Subroutines


A subroutine (or sometimes refered to as a function or method) is a group of statements that work together to perform a task. Usually a repeated task which can be invoked several times.

Subroutine definitions can be placed anywhere in the program code. It is typical to place these definitions at the beginning of the code before the main code body which calls (uses) these subroutines.

The general form of a subroutine definition in Perl is:

sub subroutine_name {
    body of subroutine
}

# call the subroutine
subroutine_name( list of arguments );

Example:

# Subroutine definition
sub say_hello {
   print "Hello, World!\n";
}

# Subroutine call
print "We are calling the subroutine say_hello() now\n";
say_hello();

Passing Arguments to a Subroutine

When calling a subroutine, arguments can be passed to to it by writing them as a comma-delimited list inside the (). Inside the subroutine, these arguments are accessible using the special array @_. The first argument to the function is in $_[0], the second is in $_[1], and so on.

 # subroutine definition
 sub calc_average {
    # get total number of arguments passed
    $total_args = scalar(@_);
    $sum = 0;
    # sum up all arguments
    foreach $arg (@_){
       $sum += $arg;
    }
    # calculate print average
    $average = $sum / $total_args;
    print "Average of list [ @_ ] is: $average\n";
 }

 # subroutine call
 print "We are calling the subroutine calc_average() now\n";
 calc_average(10, 20, 30);
 print "We are calling the subroutine calc_average() again\n";
 calc_average(10, 15, 2, 8, 90);

Passing arrays or hashes to Subroutines

When one wishes to pass an array or hash to a subroutine, it is useful to create a reference and pass it as a single scalar to the subroutine. Then dereferencing the reference inside the subroutine will result with the original array or hash.

# subroutine definition
sub is_value_exists_in_array {
    # first argument: string value to be searched in array
    $value = $_[0];
    # second argument: reference to array to be searched in
    $arrayref = $_[1];
    # create the array by dereferencing
    @my_array = @$arrayref;

    $result = "does not exist in";
    foreach $element (@my_array) {
        if ($element eq $value) {
            $result = "exists in";
            last;
        }
    }
    # print result
    print "Value $value $result array [ @my_array ]\n";
}

# subroutine call
@foo = ('we', 'are', 5, 'happy', 'perl', 'programmers');
$foo_arrayref = \@foo;
print "We are calling the subroutine is_value_exists_in_array() now\n";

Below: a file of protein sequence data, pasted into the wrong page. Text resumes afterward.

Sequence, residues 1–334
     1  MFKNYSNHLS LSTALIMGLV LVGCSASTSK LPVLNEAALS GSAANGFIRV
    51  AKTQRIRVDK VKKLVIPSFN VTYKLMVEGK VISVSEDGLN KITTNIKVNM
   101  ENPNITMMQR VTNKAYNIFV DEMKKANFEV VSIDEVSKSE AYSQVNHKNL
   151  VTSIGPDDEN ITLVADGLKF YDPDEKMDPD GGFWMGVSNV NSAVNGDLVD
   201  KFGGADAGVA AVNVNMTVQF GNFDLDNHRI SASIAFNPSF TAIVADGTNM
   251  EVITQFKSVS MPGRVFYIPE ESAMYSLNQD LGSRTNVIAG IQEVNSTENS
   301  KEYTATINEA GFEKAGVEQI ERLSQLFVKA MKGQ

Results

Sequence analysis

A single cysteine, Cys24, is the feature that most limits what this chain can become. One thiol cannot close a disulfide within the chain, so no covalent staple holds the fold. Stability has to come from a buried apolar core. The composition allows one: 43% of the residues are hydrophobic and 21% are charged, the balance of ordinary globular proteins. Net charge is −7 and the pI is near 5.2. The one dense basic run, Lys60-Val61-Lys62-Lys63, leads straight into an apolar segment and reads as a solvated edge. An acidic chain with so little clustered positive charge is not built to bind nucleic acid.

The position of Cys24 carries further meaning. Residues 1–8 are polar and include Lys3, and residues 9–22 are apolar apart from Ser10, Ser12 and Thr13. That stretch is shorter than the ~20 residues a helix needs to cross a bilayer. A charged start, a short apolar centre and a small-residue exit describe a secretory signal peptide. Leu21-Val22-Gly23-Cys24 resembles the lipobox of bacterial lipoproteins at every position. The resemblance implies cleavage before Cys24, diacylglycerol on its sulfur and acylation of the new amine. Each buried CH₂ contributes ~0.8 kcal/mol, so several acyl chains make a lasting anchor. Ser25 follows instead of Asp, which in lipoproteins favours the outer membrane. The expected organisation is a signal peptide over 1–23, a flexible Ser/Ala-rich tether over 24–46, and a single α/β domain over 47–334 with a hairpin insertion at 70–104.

is_value_exists_in_array('hello', $foo_arrayref);
print "We are calling the subroutine is_value_exists_in_array() again\n";
is_value_exists_in_array('happy', $foo_arrayref);

Returning a Value from a Subroutine

A value can be returned from a subroutine by using the return() function. When this function is used, the subroutine executed is completed. The return value is a single value. Therefore in order to return an array or hash, create a reference first and return that value.

 # subroutine definition
 sub calc_average {
    # get total number of arguments passed
    $total_args = scalar(@_);
    $sum = 0;
    # sum up all arguments
    foreach $arg (@_){
       $sum += $arg;
    }
    # calculate and return average
    $average = $sum / $total_args;
    return ($average);
 }

 # subroutine call
 $a = calc_average(10, 20, 30);
 print "The average is $a\n";
 $a = calc_average(10, 15, 2, 8, 90);
 print "The average is $a\n";

Remember: @_ is the special array variable containing all the arguments passed to the function, $_[0] is the first argument, $_[1] is the second, and so on.

Giving variables a scope

Perl treats variables differently based on the context. By default, all variables in Perl are global variables, which means they can be accessed from anywhere in the program. But you can create private variables at any time with the my keyword. The my keyword confines a variable to a particular region of code in which it can be used and accessed. Outside that region, this variable cannot be used or accessed.

Example:

# Global variable
$string = "Hello, World!";

# Function definition
sub say_hello_perl {
    # Private variable
    my $string;
    $string = "Hello, Perl!";
    print "Inside the function $string\n";
}
# Function call
say_hello_perl();
print "Outside the function $string\n";

Exercise

Create two subroutines min() and max() which accept an array as input and calculate the minimum and maximum numeric value of their arguments respectively.

Then, for each given array @car_prices and @flight_prices, calculate and print the difference between the maximum and minimum values.